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Hoping To Make Kids’ Health As Easy As ABC

2009 October 30

Even though Children’s Health Month is nearing its end, I have plenty of reasons to stay invested in the well-being of kids. Aside from working in the children’s environmental health field, I am a parent to a toddler and pregnant!

This viewpoint has its pros and cons. On the one hand, I have access to the latest science and advice about how to protect my children from environmental health threats. On the other hand, all this information can make me a bit paranoid!

For instance, pregnant women can no longer worry only about eating sushi or soft cheese.  Moms also have to watch for toxins in our water bottles, personal care products, household items, food and the baby’s toys and plastic bottles.  It is overwhelming and confusing—even to a person who works on these problems.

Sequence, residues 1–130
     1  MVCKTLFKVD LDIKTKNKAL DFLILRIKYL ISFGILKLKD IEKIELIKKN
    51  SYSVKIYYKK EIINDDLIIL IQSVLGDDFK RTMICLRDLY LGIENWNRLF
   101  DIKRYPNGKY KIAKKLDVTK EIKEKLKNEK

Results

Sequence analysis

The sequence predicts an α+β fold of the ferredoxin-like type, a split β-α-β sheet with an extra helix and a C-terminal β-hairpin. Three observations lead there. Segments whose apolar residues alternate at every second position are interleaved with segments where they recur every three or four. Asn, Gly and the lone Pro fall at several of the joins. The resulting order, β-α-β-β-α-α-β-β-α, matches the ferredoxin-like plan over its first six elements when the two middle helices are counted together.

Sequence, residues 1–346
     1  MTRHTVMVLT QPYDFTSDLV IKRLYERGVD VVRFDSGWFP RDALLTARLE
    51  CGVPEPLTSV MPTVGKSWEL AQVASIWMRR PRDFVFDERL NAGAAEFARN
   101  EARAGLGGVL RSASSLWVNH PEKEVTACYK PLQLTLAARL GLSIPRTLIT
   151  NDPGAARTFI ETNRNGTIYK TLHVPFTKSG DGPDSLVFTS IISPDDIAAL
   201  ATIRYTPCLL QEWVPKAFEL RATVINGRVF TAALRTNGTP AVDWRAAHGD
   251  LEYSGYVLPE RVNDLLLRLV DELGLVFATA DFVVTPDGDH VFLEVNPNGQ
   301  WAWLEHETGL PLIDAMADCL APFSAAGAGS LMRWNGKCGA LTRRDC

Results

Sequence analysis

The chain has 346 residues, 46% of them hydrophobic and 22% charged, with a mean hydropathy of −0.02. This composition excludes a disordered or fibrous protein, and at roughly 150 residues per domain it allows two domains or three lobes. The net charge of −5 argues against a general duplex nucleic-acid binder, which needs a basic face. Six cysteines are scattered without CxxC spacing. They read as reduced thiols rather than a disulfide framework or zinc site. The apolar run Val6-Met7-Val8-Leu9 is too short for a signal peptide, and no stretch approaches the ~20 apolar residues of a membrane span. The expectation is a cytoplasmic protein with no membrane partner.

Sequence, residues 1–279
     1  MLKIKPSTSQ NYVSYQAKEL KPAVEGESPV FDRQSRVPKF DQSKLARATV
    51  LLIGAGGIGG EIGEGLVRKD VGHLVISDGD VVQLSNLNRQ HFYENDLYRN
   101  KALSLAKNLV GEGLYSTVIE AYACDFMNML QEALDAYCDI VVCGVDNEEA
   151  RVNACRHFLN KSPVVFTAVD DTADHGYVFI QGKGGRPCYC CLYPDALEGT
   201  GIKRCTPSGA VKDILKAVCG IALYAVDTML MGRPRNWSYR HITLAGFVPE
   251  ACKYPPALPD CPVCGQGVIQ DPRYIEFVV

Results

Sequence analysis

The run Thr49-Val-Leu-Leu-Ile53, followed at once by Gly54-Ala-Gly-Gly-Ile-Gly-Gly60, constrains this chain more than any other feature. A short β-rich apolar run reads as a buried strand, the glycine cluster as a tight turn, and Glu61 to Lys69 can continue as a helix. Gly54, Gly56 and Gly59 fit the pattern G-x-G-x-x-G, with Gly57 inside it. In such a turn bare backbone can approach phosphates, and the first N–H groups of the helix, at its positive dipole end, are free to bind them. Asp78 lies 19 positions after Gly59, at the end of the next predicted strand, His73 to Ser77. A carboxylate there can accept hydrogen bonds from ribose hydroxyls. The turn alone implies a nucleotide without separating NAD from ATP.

During my first pregnancy, I was the model pregnant woman—I ate organic, didn’t use plastics and bought the “right” products. However, when my first daughter was born extremely premature – she was born 3 ½ months early and weighed 1 ½ lbs.—I realized just how little control I really had over her health and exposures.  She had plastic tubes all over her and inside her keeping her alive and was pumped full of antibiotics and medications that saved her life. All of these early exposures have risks associated with them, however.